A Simple Way to Make Your New Hires More Successful

July 21, 2017

By having a list of metrics for your new hires to shoot for, you give them a clear focus when they onboard.

Starting a new job is a time of self-doubt. New employees often wonder what exactly they should be working on, how quickly they’re expected to produce real outcomes and whom they should form relationships with.

For you as a manger, you want your new hires to avoid this feeling of self-doubt. Instead, you can make them more productive and more engaged, faster; just by documenting exactly what success looks like, LinkedIn Learning author and career coach Dr. Chaz Austin said.

“You don't want any surprises,” Austin said in his LinkedIn Learning course, Succeeding in a New Job. “What you do want is a way to measure (their) results so that at any time (the new hire) always knows how (they’re) doing.”

In his course, Austin gave an example of an employee he started this way, with a list of metrics to shoot for her to shoot for. The employee crushed those metrics, making her one of the most successful new hires Austin ever had.

“Not only did she get even better at her job, but the additional metrics made the game that much more interesting,” Austin said. “She was more engaged in her work.”

How to give your employees clear goals to shoot for

It’s not enough to tell your new employee what metrics you should be hitting. Instead, Austin recommends:

  • Putting the metrics in writing.

Writing down a “scorecard” of metrics you’ll be judging your new hires on when they first start gives them clear focus. For example, if the new hire is in sales, maybe the goals are to make a certain amount of calls each day, set a certain amount of appointments and ultimately close a certain amount of deals.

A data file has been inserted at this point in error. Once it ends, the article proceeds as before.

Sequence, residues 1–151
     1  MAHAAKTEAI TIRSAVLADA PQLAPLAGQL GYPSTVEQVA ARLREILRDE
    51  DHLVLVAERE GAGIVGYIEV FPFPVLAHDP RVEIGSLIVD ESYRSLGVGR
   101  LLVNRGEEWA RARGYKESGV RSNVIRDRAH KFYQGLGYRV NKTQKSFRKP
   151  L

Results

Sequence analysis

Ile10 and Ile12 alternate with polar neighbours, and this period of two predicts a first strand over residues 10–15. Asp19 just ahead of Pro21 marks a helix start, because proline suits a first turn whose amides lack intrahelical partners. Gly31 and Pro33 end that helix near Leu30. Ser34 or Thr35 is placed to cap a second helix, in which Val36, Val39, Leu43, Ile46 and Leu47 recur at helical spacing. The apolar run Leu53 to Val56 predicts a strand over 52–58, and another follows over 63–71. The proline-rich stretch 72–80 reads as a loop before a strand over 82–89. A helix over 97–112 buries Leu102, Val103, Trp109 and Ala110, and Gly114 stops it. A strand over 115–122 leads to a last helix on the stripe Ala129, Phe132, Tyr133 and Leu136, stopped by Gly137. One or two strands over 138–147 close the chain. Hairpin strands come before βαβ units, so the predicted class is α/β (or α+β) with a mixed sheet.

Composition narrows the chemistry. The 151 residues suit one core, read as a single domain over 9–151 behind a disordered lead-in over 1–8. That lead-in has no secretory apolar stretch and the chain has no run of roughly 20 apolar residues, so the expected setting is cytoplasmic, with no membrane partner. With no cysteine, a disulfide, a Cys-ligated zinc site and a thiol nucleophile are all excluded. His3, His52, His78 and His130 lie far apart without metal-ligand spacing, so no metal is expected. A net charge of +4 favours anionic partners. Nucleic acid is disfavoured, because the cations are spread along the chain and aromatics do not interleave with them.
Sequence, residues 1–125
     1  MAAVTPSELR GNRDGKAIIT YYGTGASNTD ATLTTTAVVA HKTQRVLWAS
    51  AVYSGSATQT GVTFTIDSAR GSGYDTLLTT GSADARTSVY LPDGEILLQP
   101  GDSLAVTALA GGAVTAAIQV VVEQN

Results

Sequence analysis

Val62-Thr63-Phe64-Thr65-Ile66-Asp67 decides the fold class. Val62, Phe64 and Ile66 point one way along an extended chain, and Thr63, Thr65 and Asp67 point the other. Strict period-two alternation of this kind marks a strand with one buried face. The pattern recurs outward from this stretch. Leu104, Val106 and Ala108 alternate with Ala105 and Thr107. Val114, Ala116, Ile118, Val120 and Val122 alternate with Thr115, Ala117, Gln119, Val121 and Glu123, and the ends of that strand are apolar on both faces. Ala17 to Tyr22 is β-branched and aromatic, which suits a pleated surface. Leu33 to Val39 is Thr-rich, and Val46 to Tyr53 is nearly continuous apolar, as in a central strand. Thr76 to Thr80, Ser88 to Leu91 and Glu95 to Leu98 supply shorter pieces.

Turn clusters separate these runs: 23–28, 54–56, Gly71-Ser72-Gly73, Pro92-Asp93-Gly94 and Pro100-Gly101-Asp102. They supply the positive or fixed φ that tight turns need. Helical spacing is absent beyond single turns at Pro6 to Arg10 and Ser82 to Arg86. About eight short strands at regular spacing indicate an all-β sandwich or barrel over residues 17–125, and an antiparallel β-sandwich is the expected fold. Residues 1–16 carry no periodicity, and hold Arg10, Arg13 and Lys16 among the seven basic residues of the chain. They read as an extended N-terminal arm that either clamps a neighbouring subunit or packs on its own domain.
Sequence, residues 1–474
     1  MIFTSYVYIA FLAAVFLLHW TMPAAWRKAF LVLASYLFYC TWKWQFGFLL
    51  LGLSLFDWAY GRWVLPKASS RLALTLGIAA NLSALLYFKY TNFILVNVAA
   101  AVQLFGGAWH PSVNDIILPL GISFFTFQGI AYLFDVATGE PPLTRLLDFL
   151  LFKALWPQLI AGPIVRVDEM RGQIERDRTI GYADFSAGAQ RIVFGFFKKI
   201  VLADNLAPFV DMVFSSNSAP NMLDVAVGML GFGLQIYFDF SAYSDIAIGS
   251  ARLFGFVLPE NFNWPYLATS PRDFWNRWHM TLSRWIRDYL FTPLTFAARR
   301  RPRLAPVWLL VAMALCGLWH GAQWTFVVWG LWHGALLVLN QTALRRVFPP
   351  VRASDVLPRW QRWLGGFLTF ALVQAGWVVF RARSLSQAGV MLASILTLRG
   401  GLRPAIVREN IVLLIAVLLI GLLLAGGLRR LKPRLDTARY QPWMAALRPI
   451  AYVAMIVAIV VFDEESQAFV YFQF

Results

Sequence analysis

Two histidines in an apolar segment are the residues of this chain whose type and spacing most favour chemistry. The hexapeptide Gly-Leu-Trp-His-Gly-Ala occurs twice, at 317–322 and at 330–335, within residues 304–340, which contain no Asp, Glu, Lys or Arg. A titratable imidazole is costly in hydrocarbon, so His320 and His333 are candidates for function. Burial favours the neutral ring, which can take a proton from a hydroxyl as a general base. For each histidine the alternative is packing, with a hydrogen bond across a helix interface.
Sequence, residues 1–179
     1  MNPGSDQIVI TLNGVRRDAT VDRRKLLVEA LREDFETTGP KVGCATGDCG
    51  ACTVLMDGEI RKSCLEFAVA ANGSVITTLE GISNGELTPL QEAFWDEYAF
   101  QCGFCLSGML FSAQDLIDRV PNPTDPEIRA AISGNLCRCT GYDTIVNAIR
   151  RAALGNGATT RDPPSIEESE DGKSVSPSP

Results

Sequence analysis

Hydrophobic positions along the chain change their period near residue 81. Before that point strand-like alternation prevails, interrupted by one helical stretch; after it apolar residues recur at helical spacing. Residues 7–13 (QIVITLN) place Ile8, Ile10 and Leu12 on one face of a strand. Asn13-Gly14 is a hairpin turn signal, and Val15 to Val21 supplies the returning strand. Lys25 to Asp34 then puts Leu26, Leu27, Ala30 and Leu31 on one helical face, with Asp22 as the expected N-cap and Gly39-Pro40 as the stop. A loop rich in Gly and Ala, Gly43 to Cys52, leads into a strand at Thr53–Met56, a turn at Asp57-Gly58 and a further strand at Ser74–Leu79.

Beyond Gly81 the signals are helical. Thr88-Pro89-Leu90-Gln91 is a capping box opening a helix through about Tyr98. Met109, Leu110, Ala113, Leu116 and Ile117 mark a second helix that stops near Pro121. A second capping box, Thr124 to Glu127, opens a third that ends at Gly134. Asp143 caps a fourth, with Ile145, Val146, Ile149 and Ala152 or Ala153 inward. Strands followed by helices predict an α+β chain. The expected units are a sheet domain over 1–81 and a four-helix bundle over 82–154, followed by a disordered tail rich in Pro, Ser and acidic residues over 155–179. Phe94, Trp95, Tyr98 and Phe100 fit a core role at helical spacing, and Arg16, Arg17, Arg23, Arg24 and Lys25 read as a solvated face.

The more specific your can be with the metrics, the better. Yes, they might change as working environments change. But, having clear goals to shoot for upfront really helps the employee get up-to-speed quickly.

  • Challenge your employees if they are hitting those metrics

You should be conservative with your goals to start – after all, the person has just started and they have a lot of new processes to learn and people to meet. But, if they start crushing those goals early, they’ll quick grow bored.

And that can lead to disengagement. The last thing you want your new employee to think is “this job is easy”, as they’ll start to mail it in.

So stay on top of your employee’s performance and see how easily they meet expectations. From there, you should continue to stretch them with either higher metrics or new projects, so they remain inspired to come into work each day.

Don’t feel like you are overwhelming them

Some managers are hesitant doing this because they feel like they are bombarding their employees. In fact, quite the opposite – by giving them this list, you give them a clear path to follow when they start.

Most employees want that structure when they start, as it removes much of that self-doubt. Then, after doing the job for a bit, they can start realizing what they like and what they don’t, and you can recreate the job around their strengths.

Of course, you should still allow time for them to experience new activities in the office and meet everyone on your staff, so don’t make your goals ridiculous to start. But, the more direction you can give them early, the more they’ll reward you with great work.

Every employee deserves a great manager. Learn how to build great managers at your organization.

Topics